Sign In Forgot Password

Welcome to the LJS website which is under construction.
Our previous website crashed and could not be repaired. We are working tirelessly to update our new website.
Please check back regularly as we will make changes daily. If you have any comments or need information please email or complete the contact us form.

		                            <span class="slider_description">For Spirituality - Lifecycle4.jpg</span>

The daughters of Zelophehad

10 July 2020

Dear Members and Friends,

In this week’s Torah portion, Pinchas, we are given the narrative of the courageous and forward-looking daughters of Zelophehad.This portion includes a census of all the males over age twenty. In this census, we learn about Zelophehad who had no sons, only daughters. Zelophehad had five daughters, Mahlah, Noa, Hoglah, Milcah and Tirzah.
At the conclusion of the census Moses receives an instruction from God ‘Among these shall the land be apportioned as shares.’ The recipients of the land shares will be the males listed in the census. The five daughters of Zelophehad would receive no land shares as an inheritance.
What unfolds is a narrative of bravery as these five women break the expectations of quiet and compliance to ensure they inherit their father’s land shares. They boldly stand before Moses, Eleazar the priest, and the whole assembly at the Tent of Meeting, the gathering place of those in power.  ‘Our father died in the wilderness’, they say. ‘He has left no sons. Let our father’s name not be lost to his clan just because he had no son! Give us a holding among our father’s kinsmen.’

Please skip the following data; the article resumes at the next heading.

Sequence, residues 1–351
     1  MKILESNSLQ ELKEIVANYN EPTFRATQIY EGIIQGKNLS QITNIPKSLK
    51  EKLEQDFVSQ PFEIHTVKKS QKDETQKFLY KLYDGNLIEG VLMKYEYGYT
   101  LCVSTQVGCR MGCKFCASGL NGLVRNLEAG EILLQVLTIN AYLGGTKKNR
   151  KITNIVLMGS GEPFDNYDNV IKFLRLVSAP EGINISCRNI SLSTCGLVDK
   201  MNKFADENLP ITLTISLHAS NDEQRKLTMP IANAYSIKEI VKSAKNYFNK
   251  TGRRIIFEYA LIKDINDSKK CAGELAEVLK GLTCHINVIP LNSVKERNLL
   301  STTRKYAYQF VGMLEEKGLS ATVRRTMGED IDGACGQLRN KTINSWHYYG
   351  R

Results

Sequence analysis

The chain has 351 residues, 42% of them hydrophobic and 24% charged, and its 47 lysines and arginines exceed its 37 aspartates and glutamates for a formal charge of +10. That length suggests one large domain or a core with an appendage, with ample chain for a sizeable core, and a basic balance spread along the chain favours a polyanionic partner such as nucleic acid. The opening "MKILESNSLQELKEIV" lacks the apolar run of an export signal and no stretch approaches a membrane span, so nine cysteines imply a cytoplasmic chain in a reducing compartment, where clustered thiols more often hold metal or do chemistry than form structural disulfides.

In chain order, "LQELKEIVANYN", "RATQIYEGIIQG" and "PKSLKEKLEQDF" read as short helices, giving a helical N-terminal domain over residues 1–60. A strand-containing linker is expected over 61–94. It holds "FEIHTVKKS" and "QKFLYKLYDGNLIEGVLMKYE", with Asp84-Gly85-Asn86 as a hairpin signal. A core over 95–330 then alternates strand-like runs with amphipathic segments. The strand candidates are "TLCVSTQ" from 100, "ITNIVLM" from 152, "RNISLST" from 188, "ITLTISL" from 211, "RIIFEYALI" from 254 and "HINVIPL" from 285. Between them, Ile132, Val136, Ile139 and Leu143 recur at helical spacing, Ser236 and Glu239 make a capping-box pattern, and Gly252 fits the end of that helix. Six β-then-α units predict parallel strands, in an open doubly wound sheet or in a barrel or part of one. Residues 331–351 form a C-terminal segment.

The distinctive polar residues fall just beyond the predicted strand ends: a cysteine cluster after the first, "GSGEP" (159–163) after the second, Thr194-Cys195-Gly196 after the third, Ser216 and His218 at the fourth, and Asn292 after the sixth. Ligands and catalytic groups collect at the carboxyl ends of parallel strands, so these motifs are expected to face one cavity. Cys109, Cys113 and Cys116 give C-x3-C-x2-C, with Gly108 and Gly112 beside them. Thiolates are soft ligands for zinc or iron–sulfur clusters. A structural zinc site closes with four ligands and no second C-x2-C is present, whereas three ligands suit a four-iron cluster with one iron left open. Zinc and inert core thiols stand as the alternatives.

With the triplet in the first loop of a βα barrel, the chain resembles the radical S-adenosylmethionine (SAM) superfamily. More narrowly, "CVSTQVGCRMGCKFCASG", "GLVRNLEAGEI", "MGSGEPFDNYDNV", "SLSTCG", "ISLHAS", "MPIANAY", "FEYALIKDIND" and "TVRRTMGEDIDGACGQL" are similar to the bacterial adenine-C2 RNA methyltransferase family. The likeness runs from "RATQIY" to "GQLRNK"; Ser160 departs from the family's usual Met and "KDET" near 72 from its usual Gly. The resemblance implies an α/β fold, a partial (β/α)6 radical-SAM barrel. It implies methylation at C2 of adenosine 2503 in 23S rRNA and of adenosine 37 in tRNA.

Moses brings their case before God and God supports these women and demands a new law to secure an inheritance for daughters in this situation.
It is a text that shows, quite simply, the power of voicing concern and dissent when the status quo seems unfair or even more so unethical.

To me, the actions of these women are representative of what it means to be Jewish. To hold closely to the traditions passed down to us but force these traditions to be ever-evolving and reflective of the ethical demands of our day.

Recently I watched this talk by Ilana Kaufman, the director of the Jews of Colour Field Building Initiative. She uses the daughters of Zelophehad as a model for advocating for more awareness of the demographic diversity within the Jewish community. It is a very provocative and eye-opening talk, I highly recommend watching it. Here is the link:

Too often the non-progressive Jewish demographic criticizes progressive Judaism for being inauthentic or for not holding tight enough to tradition. These arguments always baffle me as these narratives of shifting understanding of law and practice are present throughout our Torah and throughout the prophets. The rabbinic discourse in the Mishnah and Talmud often focuses on developing new or shifting old understandings in order to be more relevant, more just. Of course, progressive Judaism is innovative and constantly striving to bring new ways of connection, but we are rooted in our most ancient texts. We are not turning tradition on its head but rather we hold fast to the approach laid out in our most sacred texts, that being God’s partner requires of us to be willing to adapt and shift to become more just as a people.

We are the children of Moses but we are also the children of Mahlah, Noa, Hoglah, Milcah and Tirzah.

Shabbat Shalom,

Elana Dellal

Mon, 13 July 2020 21 Tammuz 5780